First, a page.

Author Interview: Jo Knowles on Lessons from a Dead Girl

Jo Knowles on Jo Knowles: “I grew up in a small town in New Hampshire along with a menagerie of pets and people. I was never much of a reader, convinced I wasn’t any good at it. My sister, on the other hand, read constantly and could sometimes be persuaded to read out loud. I still hear her voice when I read old favorites to my son.

“It wasn’t until high school that I really fell in love with the magical act of reading to yourself–of entering the pages of a book wholly and completely, and living it. I finally got what it was all about.

“After college I went on to earn a master’s degree in children’s literature and I currently teach Writing for Children in the M.A./M.F.A. program at Simmons College. I’m also a volunteer writing mentor at a women’s prison in Vermont.

“By day I’m a freelance writer, but I try to work on my fiction whenever I can.” Visit Jo’s LJ and MySpace page.

Could you tell us about your path to publication, any bumps or stumbles on the way?

Oh, there were countless bumps and stumbles for sure, but honestly I wouldn’t trade a single one. I took the long way and enjoyed (mostly) the view. Of course, this is all in retrospect and I’m sure if you’d found me lost on one of those back roads that seem to be going nowhere five years ago, I’d have answered much differently. But the truth is, I learned so much from every “wrong” turn, I really don’t think I would change a thing.

Congratulations on the release of Lessons from a Dead Girl (Candlewick, 2007)! What was your initial inspiration for writing this novel?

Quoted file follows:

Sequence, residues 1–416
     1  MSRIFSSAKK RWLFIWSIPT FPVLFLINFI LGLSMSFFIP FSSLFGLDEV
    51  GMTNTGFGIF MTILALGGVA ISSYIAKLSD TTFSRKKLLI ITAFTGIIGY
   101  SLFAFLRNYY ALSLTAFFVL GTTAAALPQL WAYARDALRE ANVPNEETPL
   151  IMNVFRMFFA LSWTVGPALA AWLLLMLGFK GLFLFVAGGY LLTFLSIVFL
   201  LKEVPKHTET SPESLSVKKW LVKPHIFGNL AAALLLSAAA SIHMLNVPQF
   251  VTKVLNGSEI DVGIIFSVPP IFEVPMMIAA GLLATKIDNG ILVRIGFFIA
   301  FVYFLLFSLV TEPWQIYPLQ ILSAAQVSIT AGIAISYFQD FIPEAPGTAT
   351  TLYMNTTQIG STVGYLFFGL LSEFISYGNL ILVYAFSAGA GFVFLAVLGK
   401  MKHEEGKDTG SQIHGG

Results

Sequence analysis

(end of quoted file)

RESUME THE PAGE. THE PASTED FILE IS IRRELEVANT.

The idea came to me when I was at my old day job, writing a booklet about child abuse prevention. I came across an article about kids abusing kids. I was fascinated, and began to think about some of my own childhood friendships.

I don’t think it’s true that all children choose their own friends. It certainly wasn’t always the case for me. I began to wonder why some friends behaved the way they did–how a person could be so kind and cruel at the same time. And why? I started writing that night.

What was the timeline between spark and initial publication, and what were the major events?

I think I probably finished the first draft sometime in 1997 or so. Then I revised and started submitting. The second place I submitted to held onto the manuscript for two and a half years. After that, I felt I’d lost focus and put the manuscript away for quite a while. When I finally decided to work on it again (in 2004, I think?), I shared it with my friend, Cindy Lord (author interview). She suggested that I submit the first ten pages to the PEN New England Discovery Award. I did, and to my shock, I won!

What that meant was that the manuscript was submitted to Candlewick! Happy end of story! (And one more confirmation of Cecil Castellucci‘s ten-year theory.)[Cyn Note: Miss Cecil’s theory is that it takes ten years to become an “overnight” success; read an interview with Cecil.]

What were the challenges (literary, research, psychological, and logistical) in bringing it to life?

I think the biggest challenge was trying to figure out how to frame the story. I knew the story started after Leah’s death. The challenge was figuring out how to tell it backwards.

Lainey’s journey required her to go back to the beginning of her friendship with Leah and revisit all those memories she’d suppressed. But for her to keep having flashbacks or memories was cumbersome and felt too contrived. I finally decided to just tell the story in chronological order, making that opening chapter when Laine learns the news a prologue. That setup really freed me.

The hardest scene to write was the confrontation at the end of the book. It wasn’t until the last round of revisions before I sold the book that I finally got the girls to both say the truth out loud.

I have Holly Black (author interview) to thank for that. She was generous enough to read the manuscript after hearing me talk about how stuck I was. I knew my being stuck had to do with not going deep enough, not getting close enough to the truth, but I couldn’t figure out how to do that. Then Holly said one phrase and everything clicked. Thanks, Holly!